By 2019, two new Staten Island Ferry vessels should be crisscrossing the New York Harbor. Outside of the Whitehall Ferry Terminal this morning, United States Transportation Secretary Anthony Foxx announced thatÂ New York City had been awarded aÂ $191 million grant to design and construct theseÂ vessels that will beÂ more agile and storm-resilient than what’s in the ferry’sÂ current fleet. These funds will also allow the city to invest in resiliency measures at the ferry’s terminals and at surrounding public transit systems. This federal grant was just one component of the U.S. DOT’s latestÂ round of Sandy-related funding, which provides over $3 billion for resiliency measures for the East Coast’s public transit systems. Roughly 90 percent of this money is allocated for projects in New York State and New Jersey.
At a recent transportation forum hosted by the New York Building Congress, New York City Transportation Commissioner, Polly Trottenberg, laid-out her agenda for the cityâ€™s streets. She said implementing Mayor de Blasioâ€™s Vision Zero plan to reduce traffic fatalities remains the departmentâ€™s first priority, but made clear that, under her leadership, the NYCDOT will be doing more than safety upgrades.
Trottenberg praised her predecessor, Janette Sadik-Khan, for â€œcracking some eggsâ€ and fighting for bike lanes, bikeshare, Select Bus Service, and pedestrian plazas when it was not politically popular to do so. She explained that Sadik-Khanâ€™s commitment to these types of programsâ€”and the Bloomberg administrationâ€™s ability to realize themâ€”makes her job that much easier. The challenge now is keeping up with the demand for new public space.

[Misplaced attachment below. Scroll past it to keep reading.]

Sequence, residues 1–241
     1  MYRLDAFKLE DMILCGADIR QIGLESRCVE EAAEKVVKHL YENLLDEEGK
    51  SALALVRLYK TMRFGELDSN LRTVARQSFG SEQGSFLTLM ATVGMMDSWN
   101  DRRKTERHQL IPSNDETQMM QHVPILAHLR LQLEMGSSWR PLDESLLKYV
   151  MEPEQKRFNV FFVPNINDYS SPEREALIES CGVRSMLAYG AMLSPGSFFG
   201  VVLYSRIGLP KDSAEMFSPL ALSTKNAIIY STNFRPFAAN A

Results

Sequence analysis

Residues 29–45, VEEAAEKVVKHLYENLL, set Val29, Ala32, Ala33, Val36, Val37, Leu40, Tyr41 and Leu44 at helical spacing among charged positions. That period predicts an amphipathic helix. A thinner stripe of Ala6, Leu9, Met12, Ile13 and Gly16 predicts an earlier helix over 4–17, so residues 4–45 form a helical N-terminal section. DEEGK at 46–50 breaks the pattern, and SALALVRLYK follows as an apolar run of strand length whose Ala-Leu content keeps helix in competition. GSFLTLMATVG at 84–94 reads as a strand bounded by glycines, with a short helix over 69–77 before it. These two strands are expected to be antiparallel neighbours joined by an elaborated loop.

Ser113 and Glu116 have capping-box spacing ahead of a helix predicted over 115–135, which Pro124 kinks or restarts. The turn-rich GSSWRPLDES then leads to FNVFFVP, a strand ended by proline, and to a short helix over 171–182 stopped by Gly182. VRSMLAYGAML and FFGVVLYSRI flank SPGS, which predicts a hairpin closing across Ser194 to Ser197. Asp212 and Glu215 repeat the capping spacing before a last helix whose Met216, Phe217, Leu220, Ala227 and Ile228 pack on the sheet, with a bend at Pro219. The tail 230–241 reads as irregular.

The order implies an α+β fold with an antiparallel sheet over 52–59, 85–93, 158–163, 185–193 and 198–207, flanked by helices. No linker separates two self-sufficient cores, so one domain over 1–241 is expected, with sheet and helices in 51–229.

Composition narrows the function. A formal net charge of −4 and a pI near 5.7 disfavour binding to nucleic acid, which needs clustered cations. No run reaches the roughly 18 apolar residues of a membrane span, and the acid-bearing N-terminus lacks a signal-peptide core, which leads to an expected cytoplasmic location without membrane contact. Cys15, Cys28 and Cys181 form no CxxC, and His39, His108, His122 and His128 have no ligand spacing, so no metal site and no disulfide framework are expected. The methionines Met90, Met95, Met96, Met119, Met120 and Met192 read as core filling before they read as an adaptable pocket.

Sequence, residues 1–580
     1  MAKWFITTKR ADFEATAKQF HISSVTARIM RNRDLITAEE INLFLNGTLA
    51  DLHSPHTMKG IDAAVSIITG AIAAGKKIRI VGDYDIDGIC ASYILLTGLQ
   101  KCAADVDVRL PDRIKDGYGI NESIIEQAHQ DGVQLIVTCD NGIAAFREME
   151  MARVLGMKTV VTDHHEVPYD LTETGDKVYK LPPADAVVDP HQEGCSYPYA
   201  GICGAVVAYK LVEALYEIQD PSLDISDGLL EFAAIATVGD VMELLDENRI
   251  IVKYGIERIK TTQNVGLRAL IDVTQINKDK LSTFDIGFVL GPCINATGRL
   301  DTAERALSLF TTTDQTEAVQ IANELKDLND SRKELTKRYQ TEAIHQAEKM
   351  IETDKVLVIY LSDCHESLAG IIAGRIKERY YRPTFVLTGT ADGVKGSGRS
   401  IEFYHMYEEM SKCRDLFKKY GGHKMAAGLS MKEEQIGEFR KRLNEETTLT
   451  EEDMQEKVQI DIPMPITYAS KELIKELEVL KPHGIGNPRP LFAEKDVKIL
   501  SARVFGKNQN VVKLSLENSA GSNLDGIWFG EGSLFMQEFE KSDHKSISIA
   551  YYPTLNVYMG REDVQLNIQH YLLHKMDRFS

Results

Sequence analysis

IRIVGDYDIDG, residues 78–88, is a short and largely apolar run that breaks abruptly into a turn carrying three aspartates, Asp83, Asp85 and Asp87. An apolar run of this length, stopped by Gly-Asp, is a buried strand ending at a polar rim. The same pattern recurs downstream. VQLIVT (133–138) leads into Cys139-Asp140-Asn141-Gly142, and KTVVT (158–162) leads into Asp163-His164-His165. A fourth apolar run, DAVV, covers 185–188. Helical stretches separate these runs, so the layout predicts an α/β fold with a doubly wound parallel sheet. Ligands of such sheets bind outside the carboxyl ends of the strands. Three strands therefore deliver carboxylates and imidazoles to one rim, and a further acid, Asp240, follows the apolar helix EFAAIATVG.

Mayor de Blasioâ€™s Vision Zero is coming to another dangerous New York City corridor. NYC Department of Transportation Commissioner Polly Trottenberg and city officials announced that the Grand Concourse in the Bronx will become the second of the cityâ€™s 25 planned â€œarterial slow zones.â€ The speed limit on more than five miles of the busy road will be lowered to 25-miles-per-hour, and traffic signals will be retimed to protect pedestrians. The announcement comes weeks after an eight-mile stretch of Atlantic Avenue in Brooklyn and Queens was given the same treatment.
Vision Zero is coming to Brooklyn and Queens‘ Atlantic Avenue. Nearly eight miles of the notoriously dangerous thoroughfare will be transformed into the first of 25 planned â€œarterial slow zones.â€ Last Wednesdayâ€”at the busy corner of Atlantic and Washington avenuesâ€”Department of Transportation Commissioner Polly Trottenberg announced that the city is taking immediate steps to save lives by reducing the street’s speed limit from 30MPH to 25.
After promising to â€œend the tragic and unacceptable rash of pedestrian deathsâ€ in his State of the City speech, New York City Mayor Bill de Blasio has officially unveiled his â€œVision Zero Action Plan.â€ On Manhattanâ€™s Upper West Side, near an area where three pedestrians have been killed in the past month, the mayor promised to address the scourge of traffic fatalities across the city.